The next great event in the Lord's life of which John is a chosen witness is the Transfiguration. It takes place in the afternoon of the Galilean ministry. Jesus makes only one circuit more,—the most solemn of all,-before He returns to Jerusalem to die. These closing weeks are shadowed by His approaching sufferings; the cross is ever present in His view. Ere the darkness
finally closes round, a glimpse is given of the kingdom in its power. He has conducted His disciples northward to the coasts of Cæsarea Philippi," and seems to be still lingering in that neighbourhood. Toward evening, taking with Him Peter and James and John, He climbs “ a high mountain apart," where for some time He continues in prayer, the three praying in silence near. Gradually the eyes of the three become heavy-lidded, till they close. How long they slept they could not tell; but they are awaked by a bright effulgence streaming on their eyes, and when they look up, there is their Master transfigured before them. The fashion of His countenance is altered; light shines forth from it like the sun. His raiment too is white and glistering as the snow which gleams on lofty Hermon. Two men are with Him from the unseen world: Moses, the giver of the law, and the prophet Elijah, its great restorer. They converse with Him about the decease, the exodus, which He was soon to accomplish at Jerusalem : that mighty event to which both the law and the prophets looked forward, and to which all subsequent ages look back. When the conversation ends, Peter exclaims, "Lord, it is good to be here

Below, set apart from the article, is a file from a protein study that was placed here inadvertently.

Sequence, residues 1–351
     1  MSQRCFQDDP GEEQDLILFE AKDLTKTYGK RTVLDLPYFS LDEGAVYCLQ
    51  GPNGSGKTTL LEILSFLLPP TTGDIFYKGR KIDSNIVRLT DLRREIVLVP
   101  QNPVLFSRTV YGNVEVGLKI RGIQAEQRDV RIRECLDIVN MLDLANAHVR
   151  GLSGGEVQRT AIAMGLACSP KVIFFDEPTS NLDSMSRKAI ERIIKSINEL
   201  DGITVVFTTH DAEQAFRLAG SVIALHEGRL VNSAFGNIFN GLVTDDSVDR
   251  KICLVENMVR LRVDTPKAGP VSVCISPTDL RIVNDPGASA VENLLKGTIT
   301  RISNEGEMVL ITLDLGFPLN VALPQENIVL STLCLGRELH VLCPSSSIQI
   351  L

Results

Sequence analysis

and if Thou wilt, let us make three tabernacles, one for Thee and one for Moses and one for Elias ;" not knowing what he said. While he spoke, a bright cloud overshadowed them, and a Voice came out of the cloud,“ This is my beloved Son; hear Him." They fell on their faces sore afraid; and when next they lifted up their eyes, they saw no man save Jesus only:
Of this marvellous and profoundly significant event John is a chosen witness. It is a symbol of the harmony of old and new, a disclosure of the dignity of the Lord's person, a testimony to the vital importance of His death, a momentary glimpse of the kingdom in its power, a token of His mediatorial supremacy and glory, kingly, priestly, and prophetic-offices that in Him meet and form á Unity, which in our theological nomenclature we have no name for. The influence of the scene upon John's mind is not declared; but we can see it in his Gospel when, long years after, he wrote these words, “We beheld His glory, the glory as of the Only-begotten of the Father."